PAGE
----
Somehow I doubt they would call you "oberflächig" (though that *is* a word), but rather "oberflächlich", but hey ho, I'm just trying to be right. 

 

[ducks]

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@Rivka  Well , I've been in Germany for 5 years, and I can only say this charming behavior has happened to me only a very few times. I'm a happy you are finding many good moments in Germany. 

 

Maybe I am just giving off bad vibes or don't look the right way or something to Germans. It took a year and half until my neighbors started greeting me. It took four years for a good portion of my colleagues to start treating me decently.

 

Back in the States I was considered a social butterfly - here it's another story for me. 

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There are always going to be regional differences. People from London and people from North Yorkshire would probably feel like they are not living in the same country. @RivkaGioUndHunde I would say that NYC is London and the Schwarzwald is North Yorkshire. However, in England, I would say that the unfriendliness of London is not the norm. In Germany, I would say that the friendliness of the Schwarzwald is not the norm.

 

The difference is that Germans find random niceness to be fake and dishonest. Others (myself included) find random niceness polite and heartwarming. It just depends where you come from.

 

People (and myself) have said that they met some of the nicest people they know here. But to be honest, I would argue that wherever in the world you live you can find nice people to make friends with. There are a number of countries I wouldn't like to live in but I've still met some really nice people there.

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@RivkaGioUndHunde

 

I'm actually working quite close to your area today :).  I live on the opposite side of the forest to you - Rottweil area.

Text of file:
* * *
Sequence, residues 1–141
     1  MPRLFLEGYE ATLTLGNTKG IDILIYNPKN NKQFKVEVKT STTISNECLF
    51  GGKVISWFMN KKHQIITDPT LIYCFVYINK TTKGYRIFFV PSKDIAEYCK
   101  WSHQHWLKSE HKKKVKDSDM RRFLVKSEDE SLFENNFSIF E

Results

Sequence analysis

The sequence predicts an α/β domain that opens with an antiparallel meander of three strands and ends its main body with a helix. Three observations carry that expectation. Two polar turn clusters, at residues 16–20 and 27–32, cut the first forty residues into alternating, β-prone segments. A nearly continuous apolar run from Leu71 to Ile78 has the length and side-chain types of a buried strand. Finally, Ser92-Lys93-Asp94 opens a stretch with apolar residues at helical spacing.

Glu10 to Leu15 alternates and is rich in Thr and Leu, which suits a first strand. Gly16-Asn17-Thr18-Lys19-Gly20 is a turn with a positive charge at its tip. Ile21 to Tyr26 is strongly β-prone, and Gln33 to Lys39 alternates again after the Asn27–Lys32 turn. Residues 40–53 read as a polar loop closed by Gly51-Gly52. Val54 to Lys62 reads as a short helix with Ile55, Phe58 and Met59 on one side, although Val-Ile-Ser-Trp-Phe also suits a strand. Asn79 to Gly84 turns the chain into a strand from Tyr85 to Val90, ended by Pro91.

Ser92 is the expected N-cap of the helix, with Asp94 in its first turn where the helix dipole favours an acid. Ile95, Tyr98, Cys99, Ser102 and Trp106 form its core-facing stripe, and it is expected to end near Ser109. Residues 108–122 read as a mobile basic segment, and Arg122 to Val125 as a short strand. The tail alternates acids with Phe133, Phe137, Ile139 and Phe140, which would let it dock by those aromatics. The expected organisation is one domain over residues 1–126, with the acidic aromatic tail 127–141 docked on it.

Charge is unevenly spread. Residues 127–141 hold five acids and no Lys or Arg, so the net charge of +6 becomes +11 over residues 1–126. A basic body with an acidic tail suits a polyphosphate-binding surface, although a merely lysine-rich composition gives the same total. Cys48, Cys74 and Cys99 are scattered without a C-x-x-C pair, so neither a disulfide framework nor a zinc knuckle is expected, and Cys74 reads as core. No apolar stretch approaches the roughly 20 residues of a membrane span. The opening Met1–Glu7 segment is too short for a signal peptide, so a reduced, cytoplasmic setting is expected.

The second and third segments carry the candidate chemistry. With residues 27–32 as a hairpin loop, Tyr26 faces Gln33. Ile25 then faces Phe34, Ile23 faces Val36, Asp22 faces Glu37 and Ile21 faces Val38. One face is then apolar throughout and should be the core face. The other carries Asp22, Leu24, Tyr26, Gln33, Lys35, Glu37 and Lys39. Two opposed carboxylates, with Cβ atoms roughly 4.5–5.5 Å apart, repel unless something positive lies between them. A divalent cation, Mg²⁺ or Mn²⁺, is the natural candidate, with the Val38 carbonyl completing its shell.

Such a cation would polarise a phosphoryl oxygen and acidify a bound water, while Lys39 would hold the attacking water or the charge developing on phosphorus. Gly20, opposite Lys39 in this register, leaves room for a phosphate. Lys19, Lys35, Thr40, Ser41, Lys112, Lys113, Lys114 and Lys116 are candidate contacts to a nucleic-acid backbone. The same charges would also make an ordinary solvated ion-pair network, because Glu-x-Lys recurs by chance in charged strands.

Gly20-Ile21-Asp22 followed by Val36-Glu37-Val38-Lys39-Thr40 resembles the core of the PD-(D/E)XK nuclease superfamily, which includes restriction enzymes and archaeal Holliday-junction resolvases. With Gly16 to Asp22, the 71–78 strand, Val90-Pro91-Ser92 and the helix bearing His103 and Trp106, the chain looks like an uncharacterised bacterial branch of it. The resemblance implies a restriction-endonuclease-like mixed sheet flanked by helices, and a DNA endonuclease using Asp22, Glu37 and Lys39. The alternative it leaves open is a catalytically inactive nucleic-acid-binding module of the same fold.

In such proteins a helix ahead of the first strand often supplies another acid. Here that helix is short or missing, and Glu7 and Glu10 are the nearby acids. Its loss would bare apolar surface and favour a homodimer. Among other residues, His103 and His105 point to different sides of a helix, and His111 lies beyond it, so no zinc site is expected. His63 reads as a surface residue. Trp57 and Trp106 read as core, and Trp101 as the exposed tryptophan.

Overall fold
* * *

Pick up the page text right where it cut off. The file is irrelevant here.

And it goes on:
I'm glad you're having a nice experience and I hope more of us do. I'm not saying my average day is doom and gloom. I've always thought you get back what you give out - it's just that I feel I give out a lot more than I get back here, but that's just a problem with me having expectations. 

 

With your husband being from an Italian background I can imagine he feels it too. I've never had anything but warm experiences in Italy - even when people were trying to rip me off! The thing that makes me notice it most (the "Germanness" I was writing about) is how I feel whenever I have to come back here. It doesn't matter from where - Australia, Asia (where I often am), the UK, Ireland, Holland, Italy... it's always with a slight sadness that things are soon going to be less 'light' - a little heavier and a little more sombre. That's when I realise things are decidedly different for me here.

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Me again :huh:

 

See - I can stop pondering the original question now....do you 'like' living here?

 

It just occurred to me after writing my last post...my life in Germany is fine and I am quite content. I like the people I have around me very much as well as the area I live in.  

 

There's not a lot of joy though. I'm not living a particularly joyous life here.